What follows is a summary of limits employers and employees need to know.

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Topics: Compliance, Employee Communications, HSAs, Retirement Planning, HDHPs, FSAs

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Retirement Savings Options: Are HSAs better than 401(k)s?

David Rook

Retirement savings are on everyone’s mind these days, regardless of age or number of years in the workforce. Millennials are concerned they’ll never be able to retire, while baby boomers are choosing to delay retirement — in part because of employer demand for their expertise in the face of a low unemployment rate, but also because many of them haven’t sufficiently saved for retirement. In fact, according to Time’s Money division, 28 percent of boomers and seniors aged 55 and older don’t have any retirement savings whatsoever and just over half have less than $50,000 saved.

Even more surprising, the median amount Americans have saved for retirement is just $5,000, which means we have a long way to go in helping people prepare for their golden years. This number may seem staggeringly low — and it is. The average retirement savings among Americans age 32 to 61 is just under $96,000. However, averages are pulled up by super-savers, so this number seems artificially high.

With the prevalence of high deductible health plans (HDHPs), a lot of people are now enrolled in health savings accounts (HSAs). While people are mostly familiar with the short-term savings opportunities these accounts provide for healthcare expense reimbursement, many are also realizing that HSAs are a viable retirement savings option as well.

This begs the question — if people had to choose between investing in their 401(k) or maxing out their HSA for the year, which one is a better retirement savings option?

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Topics: Employee Benefits, HSAs, Retirement Planning

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Five Ways to Support Your Employees This Election Season

Jeff Griffin

Voter turnout in the 2018 election was the highest our country has seen for a midterm election in the last century. Despite this, voter turnout in the U.S. remains lower than in other developed countries. In fact, during the past century, U.S. voter participation has hovered within a 12-percentage point range, from just under 50% in 1924 when Calvin Coolidge won, to over 61.6% in 2008, when Barack Obama won the White House.

While many factors contributed to the record rate of participation in the 2018 midterms, one notable action was that hundreds of companies, including Gap, Patagonia, and Target, encouraged their employees to vote. (Some companies even launched voting programs directed towards their consumers.)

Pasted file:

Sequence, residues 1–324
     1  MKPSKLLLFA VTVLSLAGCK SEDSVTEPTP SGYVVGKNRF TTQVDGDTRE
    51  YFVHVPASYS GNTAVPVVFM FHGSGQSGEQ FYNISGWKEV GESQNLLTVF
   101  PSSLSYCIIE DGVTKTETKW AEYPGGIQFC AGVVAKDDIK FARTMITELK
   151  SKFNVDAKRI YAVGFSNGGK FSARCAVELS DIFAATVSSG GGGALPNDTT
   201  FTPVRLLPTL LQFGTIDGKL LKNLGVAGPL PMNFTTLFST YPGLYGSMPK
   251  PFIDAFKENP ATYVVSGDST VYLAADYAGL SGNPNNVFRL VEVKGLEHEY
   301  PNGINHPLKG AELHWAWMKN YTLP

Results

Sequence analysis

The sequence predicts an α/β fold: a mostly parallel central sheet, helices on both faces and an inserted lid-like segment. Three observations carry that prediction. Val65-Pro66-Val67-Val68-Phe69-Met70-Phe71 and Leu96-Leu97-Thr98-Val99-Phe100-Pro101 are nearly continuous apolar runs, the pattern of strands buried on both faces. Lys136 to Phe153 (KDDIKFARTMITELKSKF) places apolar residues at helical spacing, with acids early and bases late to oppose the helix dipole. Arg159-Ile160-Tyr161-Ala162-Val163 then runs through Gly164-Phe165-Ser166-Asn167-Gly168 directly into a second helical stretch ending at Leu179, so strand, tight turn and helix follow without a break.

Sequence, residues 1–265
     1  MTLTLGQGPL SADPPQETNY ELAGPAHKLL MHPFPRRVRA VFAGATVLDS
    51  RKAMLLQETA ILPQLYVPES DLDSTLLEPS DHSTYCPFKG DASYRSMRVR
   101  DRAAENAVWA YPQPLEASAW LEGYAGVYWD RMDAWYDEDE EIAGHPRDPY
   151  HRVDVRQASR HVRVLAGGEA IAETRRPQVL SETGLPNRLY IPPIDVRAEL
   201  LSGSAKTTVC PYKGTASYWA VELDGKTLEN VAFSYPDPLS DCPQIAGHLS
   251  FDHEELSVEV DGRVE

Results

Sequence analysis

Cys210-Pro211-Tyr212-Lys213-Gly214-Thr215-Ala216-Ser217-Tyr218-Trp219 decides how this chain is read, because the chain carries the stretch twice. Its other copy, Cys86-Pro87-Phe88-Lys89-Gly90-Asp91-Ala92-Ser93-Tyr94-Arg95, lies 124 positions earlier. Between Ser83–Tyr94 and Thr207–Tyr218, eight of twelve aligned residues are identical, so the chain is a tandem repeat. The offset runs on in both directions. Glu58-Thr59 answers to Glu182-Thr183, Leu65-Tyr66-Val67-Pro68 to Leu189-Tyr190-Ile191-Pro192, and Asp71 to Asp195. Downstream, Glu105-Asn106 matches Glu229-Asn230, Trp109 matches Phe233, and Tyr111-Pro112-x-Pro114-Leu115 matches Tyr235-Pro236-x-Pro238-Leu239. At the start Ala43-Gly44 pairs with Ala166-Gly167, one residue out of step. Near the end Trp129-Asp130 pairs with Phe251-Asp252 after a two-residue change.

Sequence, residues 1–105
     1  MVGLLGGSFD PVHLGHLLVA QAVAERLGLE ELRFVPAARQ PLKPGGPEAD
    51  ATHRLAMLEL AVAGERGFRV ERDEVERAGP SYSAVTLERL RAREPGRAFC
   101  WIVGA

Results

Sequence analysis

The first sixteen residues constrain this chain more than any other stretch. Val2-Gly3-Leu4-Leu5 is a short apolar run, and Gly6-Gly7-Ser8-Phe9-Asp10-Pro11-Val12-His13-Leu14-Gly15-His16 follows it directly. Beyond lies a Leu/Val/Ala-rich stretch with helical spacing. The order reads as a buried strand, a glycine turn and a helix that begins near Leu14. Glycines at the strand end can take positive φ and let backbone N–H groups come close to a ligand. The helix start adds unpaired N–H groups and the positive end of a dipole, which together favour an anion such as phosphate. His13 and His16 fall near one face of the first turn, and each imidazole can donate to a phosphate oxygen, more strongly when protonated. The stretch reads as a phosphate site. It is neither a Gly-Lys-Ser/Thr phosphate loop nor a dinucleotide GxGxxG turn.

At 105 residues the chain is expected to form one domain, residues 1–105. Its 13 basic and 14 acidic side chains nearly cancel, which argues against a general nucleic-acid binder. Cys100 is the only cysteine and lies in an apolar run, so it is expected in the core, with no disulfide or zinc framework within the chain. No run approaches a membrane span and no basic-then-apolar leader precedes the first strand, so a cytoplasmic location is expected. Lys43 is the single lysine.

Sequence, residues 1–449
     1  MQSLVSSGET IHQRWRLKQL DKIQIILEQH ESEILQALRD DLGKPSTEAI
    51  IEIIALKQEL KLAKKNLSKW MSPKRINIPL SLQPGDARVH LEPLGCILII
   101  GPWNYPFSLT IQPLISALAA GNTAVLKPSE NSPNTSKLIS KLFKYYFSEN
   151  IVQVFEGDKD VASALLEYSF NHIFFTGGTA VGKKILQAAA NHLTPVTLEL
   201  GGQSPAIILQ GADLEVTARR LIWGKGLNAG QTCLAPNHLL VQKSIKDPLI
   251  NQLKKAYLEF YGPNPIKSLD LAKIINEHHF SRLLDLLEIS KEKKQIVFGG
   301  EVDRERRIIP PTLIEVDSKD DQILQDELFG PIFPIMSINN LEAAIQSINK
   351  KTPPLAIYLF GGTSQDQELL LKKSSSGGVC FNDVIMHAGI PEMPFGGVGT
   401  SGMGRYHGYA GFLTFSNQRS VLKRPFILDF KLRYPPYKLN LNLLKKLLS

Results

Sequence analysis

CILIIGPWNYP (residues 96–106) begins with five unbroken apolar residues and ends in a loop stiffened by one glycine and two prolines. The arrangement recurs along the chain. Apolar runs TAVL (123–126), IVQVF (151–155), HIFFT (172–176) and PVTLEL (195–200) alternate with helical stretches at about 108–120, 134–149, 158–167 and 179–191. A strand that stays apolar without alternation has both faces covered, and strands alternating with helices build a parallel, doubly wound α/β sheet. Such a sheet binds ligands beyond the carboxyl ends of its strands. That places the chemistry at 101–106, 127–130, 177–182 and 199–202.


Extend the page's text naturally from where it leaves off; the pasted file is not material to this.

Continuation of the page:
As we've addressed in other blog posts, this dynamic of politics in the workplace requires delicate handling. After all, taking a partisan approach to civic engagement can alienate both employees and customers in today's hyper-partisan environment.

Nevertheless, a Harvard Business Review study suggests a "sweet spot" for companies who want to support the vote: being pro-democracy and pro-voter, without being partisan. Furthermore, there's evidence that companies who support and encourage political engagement derive a multitude of benefits.

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Topics: Company Culture, Paid Time Off (PTO), Social Media, Mental Health

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The Growing Incompatibility of Social Media and Workplace Mental Health

Jeff Griffin

A global pandemic. Social unrest. A presidential election. Now a Supreme Court confirmation. A perfect storm if ever there was one. Never before have I seen the country so divided over such a confluence of events, and never before have I seen such tremendous stress placed upon our collective workplace and individual mental health. I see it in my family, my friends, my neighbors, and even my employees.

With this in mind, I sat down over the weekend to watch a new Netflix documentary called The Social Dilemma. Frequent readers of this blog know that I've never really used it in the past to recommend a particular piece of media, except for some excellent Ted Talks related to the workplace and others tangentially related to employee benefits.

Nevertheless, I found The Social Dilemma so riveting, so concerning, and so timely, that I feel compelled to recommend that everyone sit down with their families and watch this film. In fact, I'm asking my entire workforce to do just the same.

This documentary cuts between "conscientious Silicon Valley defectors" from Facebook, Instagram, Twitter, and Google to sound the alarm about the incursion of data mining and manipulative technology into our social lives and beyond.

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Topics: wellness, Social Media, Mental Health, COVID-19